Nutshell Grammar

Concisely explores important topics that you need to understand to get the most out of Satori Reader, with an emphasis on clear example sentences. (Ongoing)

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Episode 1
Welcomes you to the series and jumps right into our first topic.
Notes: Covers "the same," "the same as X," and "the same X as Y."
Editions Status Total Readers
Standard Unread 6382
Episode 2
Takes up the main way of saying that two things differ in Japanese.
Notes: Also looks at the use of chigau to mean "wrong."
Editions Status Total Readers
Standard Unread 2345
Pro
Episode 3
Lays the foundation for understanding the ubiquitous word for saying two things are alike.
Notes: You has a lot in store for us, but we'll take it one step at a time.
Editions Status Total Readers
Standard Unread 1402
Pro
Episode 4
Moves to the next step with you, using it before nouns.
Notes: Also considers the two slightly different meanings of a phrase like "a food like ramen."
Editions Status Total Readers
Standard Unread 807
Pro
Episode 5
Looks at a way to say that two actions occur at the same time.
Notes: Also considers whether the order of the two actions is meaningful (hint: it is).
Editions Status Total Readers
Standard Unread 718
Pro
Episode 6
Lays the foundation for understanding another use of you to talk about "kinds" or "sorts."
Notes: This is the basis for the expressions kono/sono/ano/dono you na X.
Editions Status Total Readers
Standard Unread 649
Pro
Episode 7
Builds on the previous lesson by using sentences before you na to create more elaborate kinds.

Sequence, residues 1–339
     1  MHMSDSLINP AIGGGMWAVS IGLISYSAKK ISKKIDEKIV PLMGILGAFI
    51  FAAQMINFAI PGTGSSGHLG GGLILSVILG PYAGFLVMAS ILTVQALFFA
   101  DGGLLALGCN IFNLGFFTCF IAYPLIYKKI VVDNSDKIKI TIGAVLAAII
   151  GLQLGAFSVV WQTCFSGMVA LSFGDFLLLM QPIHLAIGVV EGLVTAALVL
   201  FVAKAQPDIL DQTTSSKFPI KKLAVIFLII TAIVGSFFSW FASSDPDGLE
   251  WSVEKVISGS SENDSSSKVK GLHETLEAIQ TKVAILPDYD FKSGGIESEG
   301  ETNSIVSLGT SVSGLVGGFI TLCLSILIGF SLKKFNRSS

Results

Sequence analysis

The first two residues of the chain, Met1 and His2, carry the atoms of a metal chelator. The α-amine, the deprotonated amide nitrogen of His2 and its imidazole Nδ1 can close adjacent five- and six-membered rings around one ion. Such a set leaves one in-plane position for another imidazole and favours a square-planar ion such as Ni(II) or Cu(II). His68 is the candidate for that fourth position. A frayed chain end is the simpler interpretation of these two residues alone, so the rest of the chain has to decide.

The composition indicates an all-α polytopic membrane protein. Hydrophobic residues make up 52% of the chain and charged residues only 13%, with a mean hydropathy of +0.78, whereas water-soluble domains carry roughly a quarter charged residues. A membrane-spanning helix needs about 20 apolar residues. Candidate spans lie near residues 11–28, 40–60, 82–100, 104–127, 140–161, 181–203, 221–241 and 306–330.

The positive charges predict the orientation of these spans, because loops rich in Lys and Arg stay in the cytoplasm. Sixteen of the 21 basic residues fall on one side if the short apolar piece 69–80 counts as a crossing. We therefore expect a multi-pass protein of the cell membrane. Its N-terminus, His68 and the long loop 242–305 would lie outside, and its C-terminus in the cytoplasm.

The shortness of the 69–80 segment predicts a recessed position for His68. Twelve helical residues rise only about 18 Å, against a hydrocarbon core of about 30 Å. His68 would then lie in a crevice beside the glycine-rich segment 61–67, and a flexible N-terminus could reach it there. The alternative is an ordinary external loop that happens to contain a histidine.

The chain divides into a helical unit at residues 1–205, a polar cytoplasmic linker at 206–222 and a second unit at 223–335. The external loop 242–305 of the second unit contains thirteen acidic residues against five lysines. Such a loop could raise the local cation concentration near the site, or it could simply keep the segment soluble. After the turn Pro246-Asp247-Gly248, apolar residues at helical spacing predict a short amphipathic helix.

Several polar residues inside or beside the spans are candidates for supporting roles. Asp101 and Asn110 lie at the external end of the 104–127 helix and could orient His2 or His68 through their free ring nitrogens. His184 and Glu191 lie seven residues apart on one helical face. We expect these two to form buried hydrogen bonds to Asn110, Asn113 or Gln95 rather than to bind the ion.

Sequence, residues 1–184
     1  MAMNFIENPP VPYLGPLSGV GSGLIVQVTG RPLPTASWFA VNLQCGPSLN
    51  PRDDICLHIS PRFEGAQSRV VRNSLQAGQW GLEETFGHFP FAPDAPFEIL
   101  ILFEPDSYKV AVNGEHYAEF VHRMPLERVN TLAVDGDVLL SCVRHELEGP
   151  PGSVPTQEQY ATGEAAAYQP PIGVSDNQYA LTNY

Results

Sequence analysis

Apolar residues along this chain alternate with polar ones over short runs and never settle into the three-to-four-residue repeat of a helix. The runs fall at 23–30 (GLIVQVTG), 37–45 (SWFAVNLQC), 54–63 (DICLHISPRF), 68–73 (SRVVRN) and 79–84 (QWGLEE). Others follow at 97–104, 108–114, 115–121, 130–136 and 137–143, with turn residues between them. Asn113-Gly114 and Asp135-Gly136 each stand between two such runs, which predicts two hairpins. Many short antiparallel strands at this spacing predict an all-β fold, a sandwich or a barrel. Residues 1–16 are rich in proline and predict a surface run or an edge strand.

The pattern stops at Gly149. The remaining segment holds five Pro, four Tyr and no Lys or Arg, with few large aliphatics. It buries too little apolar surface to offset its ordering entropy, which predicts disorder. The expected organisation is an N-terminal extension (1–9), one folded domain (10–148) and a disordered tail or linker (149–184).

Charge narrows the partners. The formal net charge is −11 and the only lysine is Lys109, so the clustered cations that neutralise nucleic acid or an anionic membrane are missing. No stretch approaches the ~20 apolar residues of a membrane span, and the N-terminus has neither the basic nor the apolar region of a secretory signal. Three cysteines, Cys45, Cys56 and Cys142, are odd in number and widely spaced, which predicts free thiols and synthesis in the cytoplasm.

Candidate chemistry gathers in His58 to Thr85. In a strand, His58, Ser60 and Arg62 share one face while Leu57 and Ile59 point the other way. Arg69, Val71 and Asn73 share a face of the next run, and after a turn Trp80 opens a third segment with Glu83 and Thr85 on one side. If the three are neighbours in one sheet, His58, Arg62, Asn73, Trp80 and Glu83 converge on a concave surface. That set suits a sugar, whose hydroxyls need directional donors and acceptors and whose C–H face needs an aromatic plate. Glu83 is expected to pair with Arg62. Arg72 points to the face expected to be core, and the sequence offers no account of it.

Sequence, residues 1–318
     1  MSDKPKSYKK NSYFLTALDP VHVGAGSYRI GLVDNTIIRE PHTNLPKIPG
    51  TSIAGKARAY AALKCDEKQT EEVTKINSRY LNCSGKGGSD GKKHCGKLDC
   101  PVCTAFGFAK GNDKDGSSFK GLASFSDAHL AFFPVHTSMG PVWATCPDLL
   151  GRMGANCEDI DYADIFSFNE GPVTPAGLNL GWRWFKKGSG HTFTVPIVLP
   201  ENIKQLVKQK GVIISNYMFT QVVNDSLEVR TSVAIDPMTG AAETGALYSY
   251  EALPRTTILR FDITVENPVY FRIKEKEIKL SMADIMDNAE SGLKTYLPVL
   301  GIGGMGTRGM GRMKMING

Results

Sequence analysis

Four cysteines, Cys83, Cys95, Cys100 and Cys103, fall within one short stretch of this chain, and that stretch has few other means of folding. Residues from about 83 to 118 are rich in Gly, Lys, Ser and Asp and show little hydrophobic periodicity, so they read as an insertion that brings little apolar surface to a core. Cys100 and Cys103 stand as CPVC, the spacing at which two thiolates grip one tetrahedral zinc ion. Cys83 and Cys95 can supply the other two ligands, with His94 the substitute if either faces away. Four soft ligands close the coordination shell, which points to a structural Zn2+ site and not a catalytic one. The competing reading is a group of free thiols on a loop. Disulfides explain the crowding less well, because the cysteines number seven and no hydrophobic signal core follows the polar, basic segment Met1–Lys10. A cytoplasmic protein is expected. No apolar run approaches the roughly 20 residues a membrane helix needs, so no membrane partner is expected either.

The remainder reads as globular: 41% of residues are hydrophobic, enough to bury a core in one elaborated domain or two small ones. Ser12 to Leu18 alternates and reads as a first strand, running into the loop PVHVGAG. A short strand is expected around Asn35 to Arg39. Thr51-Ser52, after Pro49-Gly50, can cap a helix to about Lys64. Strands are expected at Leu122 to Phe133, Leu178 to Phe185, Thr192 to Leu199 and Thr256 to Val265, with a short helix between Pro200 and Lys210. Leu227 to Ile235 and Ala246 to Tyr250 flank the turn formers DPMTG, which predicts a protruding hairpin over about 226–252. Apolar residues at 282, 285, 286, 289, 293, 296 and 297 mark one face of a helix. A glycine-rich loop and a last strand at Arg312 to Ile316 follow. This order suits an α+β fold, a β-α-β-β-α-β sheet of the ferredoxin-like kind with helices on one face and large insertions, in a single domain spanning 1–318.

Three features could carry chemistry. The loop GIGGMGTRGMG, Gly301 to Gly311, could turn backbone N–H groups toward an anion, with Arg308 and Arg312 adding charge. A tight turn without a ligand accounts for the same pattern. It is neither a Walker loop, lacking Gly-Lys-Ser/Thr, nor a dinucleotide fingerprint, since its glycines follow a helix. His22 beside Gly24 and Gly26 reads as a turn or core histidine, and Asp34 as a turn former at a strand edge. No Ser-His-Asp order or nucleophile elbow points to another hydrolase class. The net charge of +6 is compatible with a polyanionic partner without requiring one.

Notes: Also considers the difference between this and a plain relative clause.
Editions Status Total Readers
Standard Unread 517
Pro
Episode 8
Takes up a special use of suru that turns up in expressions like oto ga suru, ki ga suru, and many more.
Notes: Also considers the question about the proverbial tree falling in the lonesome forest.
Editions Status Total Readers
Standard Unread 490
Pro
Episode 9
Applies what we have learned in previous lessons to adverbial phrases, allowing you to talk about "running like the wind" or "eating like a horse."
Notes: Also considers you ni following full clauses, allowing you to create phrases like, "as I explained yesterday..."
Editions Status Total Readers
Standard Unread 415
Pro
Episode 10
Introduces the use of no to stand in for a recently mentioned noun.
Notes: This will lay the foundation for an even more interesting pattern in the next lesson.
Editions Status Total Readers
Standard Unread 415
Pro
Episode 11
Introduces a new pattern that utilizes the no from the last lesson.
Notes: Includes pairs of questions and answers that utilize the new pattern.
Editions Status Total Readers
Standard Unread 324
Pro
Episode 12
Wraps up our discussion of no to stand in for a person, place, thing, time, or reason with lots of drill sentences.
Notes: Drills on reformulating both questions and statements.
Editions Status Total Readers
Standard Unread 327
Pro
Episode 13
Builds on our previous discussions of you to introduce a new function: reporting information the speaker believes is reliable.
Notes: Also contains a lengthy note that breaks down the different permutations of past and present in "it seems" sentences.
Editions Status Total Readers
Standard Unread 343
Pro
Episode 14
Explores a special case of sentences using "reliable information" you.
Notes: A rule and a sub-rule! But don't worry. We'll talk it through together.
Editions Status Total Readers
Standard Unread 291